After we discussed the different types of dog breeds and their possible matchup with their human friends, a question was raised by a reader (and fellow Animal Scene columnist) Stef Dela Cruz: “What would you advise someone to look for when matching a dog with other pets?”

Interesting question! When doing so, one has to simply remember the dog’s origin being rooted in wolves. The wolf is a predatory animal, so anything it can fit in its mouth is fair game, if you go by instinct. Enough good temperament has been bred in most domesticated dog breeds that oftentimes we forget that they automatically react based on instinct, especially in a non-controlled environment.

Consider this: if you as a pet owner, spend at least fifteen minutes with your dogs per day, you can teach your pet dogs to live with most domesticated animals such as cats and other medium sized pets. Rabbits and guinea pigs, which are both wolves’ prey in the wild, may come to an intimate relationship with most pet dogs given the proper introduction and management when all your pets are around.

Jealousy occurs depending on our own actions towards both our pet dog and other pets. It largely depends on if we, as pet owners, are willing to serve as the alpha male or head of the pack for our dogs and other pets. That being said, you have to invest your time once you choose other types of pets to have around you and your dog. Obviously when you are at work or away, the wisest thing to do is separate your pets in that they have separate enclosures within the home.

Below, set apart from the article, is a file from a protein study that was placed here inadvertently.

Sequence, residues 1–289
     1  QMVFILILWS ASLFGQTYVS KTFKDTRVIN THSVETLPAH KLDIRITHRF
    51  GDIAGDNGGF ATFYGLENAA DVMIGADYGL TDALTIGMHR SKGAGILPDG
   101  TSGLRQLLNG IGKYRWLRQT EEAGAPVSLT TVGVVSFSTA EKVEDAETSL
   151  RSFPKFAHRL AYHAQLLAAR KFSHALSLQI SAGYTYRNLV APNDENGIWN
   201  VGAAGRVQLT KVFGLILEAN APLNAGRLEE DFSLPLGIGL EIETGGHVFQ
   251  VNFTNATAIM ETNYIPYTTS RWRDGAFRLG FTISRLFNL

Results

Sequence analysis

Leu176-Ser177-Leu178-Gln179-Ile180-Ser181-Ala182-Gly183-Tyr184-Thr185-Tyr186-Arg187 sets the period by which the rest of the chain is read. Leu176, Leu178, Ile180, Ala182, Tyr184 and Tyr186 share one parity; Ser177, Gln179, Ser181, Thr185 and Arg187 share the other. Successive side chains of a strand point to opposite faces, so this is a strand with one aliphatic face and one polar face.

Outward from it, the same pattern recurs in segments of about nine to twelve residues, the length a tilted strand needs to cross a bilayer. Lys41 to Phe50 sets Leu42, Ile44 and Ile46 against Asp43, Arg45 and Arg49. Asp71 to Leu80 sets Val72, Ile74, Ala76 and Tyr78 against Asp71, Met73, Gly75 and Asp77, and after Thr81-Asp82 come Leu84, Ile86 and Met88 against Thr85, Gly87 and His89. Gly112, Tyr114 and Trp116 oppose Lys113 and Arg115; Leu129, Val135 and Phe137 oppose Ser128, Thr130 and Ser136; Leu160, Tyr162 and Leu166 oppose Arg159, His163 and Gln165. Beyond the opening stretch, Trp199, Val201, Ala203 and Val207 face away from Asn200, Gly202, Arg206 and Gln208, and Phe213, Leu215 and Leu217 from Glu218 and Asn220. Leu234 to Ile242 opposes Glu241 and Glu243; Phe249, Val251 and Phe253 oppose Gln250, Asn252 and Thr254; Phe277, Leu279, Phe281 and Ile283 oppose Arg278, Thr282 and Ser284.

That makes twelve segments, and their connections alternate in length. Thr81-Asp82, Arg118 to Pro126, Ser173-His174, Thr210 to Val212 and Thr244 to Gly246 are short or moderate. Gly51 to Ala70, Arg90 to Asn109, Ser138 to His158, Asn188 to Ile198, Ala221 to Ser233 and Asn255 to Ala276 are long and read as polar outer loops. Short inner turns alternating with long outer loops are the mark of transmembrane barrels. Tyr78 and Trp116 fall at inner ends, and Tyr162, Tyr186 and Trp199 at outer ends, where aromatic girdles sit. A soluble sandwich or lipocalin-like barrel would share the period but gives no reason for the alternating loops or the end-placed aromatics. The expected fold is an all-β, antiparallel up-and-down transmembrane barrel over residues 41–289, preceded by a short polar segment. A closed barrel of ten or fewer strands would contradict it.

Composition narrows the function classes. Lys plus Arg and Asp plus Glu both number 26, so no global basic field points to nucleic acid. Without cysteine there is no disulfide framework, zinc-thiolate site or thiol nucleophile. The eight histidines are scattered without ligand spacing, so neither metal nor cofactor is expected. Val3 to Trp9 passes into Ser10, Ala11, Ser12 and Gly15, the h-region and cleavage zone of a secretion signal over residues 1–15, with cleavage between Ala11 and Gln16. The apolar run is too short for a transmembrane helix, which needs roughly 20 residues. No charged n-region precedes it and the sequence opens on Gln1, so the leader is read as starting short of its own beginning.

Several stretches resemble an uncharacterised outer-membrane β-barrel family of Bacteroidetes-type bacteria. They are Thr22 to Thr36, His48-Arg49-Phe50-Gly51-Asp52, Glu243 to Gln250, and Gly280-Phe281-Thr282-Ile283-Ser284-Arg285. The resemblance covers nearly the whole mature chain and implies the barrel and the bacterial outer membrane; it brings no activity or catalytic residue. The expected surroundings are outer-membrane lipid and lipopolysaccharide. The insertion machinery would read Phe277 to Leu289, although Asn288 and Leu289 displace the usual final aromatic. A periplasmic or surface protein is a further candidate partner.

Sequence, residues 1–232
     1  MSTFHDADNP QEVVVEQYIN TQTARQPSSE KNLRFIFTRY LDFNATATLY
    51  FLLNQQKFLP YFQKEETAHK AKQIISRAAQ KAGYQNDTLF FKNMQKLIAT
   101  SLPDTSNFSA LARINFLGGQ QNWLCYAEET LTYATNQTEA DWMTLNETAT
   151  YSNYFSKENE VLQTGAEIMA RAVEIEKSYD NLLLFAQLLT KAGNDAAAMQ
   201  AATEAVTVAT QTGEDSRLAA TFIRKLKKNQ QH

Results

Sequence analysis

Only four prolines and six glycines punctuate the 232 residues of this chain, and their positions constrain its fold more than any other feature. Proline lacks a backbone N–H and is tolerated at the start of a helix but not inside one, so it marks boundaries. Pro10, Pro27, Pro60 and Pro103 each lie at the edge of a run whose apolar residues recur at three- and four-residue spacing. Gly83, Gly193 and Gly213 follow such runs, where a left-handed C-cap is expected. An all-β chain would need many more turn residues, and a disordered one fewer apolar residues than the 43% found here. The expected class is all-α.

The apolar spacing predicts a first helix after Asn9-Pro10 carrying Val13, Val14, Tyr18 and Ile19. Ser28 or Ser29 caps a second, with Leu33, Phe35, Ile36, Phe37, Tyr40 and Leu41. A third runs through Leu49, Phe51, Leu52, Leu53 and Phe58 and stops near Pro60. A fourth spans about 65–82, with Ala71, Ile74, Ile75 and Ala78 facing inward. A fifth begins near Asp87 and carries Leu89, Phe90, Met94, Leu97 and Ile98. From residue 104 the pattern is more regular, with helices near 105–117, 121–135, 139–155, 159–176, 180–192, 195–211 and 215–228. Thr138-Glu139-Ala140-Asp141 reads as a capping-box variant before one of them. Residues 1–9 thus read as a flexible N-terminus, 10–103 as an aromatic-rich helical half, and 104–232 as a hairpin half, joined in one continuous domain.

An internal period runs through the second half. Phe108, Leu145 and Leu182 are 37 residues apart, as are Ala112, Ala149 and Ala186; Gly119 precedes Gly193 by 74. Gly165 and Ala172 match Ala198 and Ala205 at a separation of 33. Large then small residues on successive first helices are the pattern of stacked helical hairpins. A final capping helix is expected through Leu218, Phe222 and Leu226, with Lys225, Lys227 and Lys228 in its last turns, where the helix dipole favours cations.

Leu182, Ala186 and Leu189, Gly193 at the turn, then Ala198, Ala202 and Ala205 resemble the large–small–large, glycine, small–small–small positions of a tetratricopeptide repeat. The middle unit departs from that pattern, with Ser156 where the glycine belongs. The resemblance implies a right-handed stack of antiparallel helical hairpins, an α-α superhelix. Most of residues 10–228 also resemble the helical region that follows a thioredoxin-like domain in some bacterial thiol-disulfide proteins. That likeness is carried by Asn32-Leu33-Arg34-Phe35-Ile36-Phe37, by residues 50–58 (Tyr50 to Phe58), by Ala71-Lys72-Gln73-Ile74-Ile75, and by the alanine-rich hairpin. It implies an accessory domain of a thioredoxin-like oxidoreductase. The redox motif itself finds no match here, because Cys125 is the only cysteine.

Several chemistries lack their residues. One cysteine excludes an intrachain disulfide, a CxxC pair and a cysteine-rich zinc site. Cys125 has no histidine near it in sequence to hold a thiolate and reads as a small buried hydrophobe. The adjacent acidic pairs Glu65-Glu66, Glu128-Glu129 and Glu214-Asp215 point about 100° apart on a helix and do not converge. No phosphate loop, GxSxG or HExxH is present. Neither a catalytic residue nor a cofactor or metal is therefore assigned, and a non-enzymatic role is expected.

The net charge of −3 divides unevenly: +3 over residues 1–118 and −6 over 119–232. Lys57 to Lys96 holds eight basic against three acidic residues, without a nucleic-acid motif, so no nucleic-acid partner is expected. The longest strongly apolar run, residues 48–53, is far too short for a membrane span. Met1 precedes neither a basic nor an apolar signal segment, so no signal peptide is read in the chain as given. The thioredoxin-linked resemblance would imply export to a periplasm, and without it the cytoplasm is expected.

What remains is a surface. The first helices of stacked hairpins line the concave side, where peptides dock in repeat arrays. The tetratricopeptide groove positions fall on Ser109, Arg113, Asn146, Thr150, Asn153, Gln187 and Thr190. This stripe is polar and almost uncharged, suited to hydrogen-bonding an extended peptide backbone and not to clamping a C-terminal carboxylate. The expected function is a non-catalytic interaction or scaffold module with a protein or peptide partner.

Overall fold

If you are considering reptiles as your other pets, look at the nature and build of these reptiles. Large tortoises are not only hardy and big enough to defend themselves, the nature of these cold blooded reptiles who are not accustomed to go on offensive in the wild will simply drive your pet dogs away through sheer boredom.

However, if you choose to have pythons and other constrictors as your other pets…you know full well never to leave your pet dogs and your large dogs together in your absence, no matter if you are only going to the kitchen to get a glass of water which will take you less than five minutes. The nature of pythons and boas as predatory reptiles whose senses are triggered by warm blooded prey is enough to warm you not to leave them together for even the shortest time.

I have had people arguing that their pet constrictors, when just fully fed, are harmless and will just sleep away the time. Not in full sunlight and exposed to warm environments. No matter how heavy they feel, instinct will trigger them to strike pet dogs, even if they won’t constrict and swallow their prey because they are full.

The answer, Stef, lies mainly in the amount of time and effort you can spend supervising dogs and other pets together, in addition to the time you can spend everyday playing and bonding with various pets everyday. If your family members share the same passion with you, then you have enough time spent to insure that pets do not fight and quarrel while you’re around. They will be aware that you, as the alpha male, will not stand for any trouble and squabbles.

Your other question regarding traits your dogs should have when you have a multi-pet household is much simpler. Buying dogs when they are around eight weeks old and training them young increases your chances of avoiding major disasters at home. Most puppies weaned at eight weeks will not show aggressive behavior unless harmed or hurt—instincts that will drive them to bite. These are your fear biters. For fear of getting hurt, dogs will resort to aggressive and instinctive defensive behavior such as barking and ultimately, biting. Thus, your responsibility is never to allow these situations to occur between your other pets and your dogs. Once the dogs associate pain with any other pets, it will take a long therapy period for them to unlearn their behavioral instincts.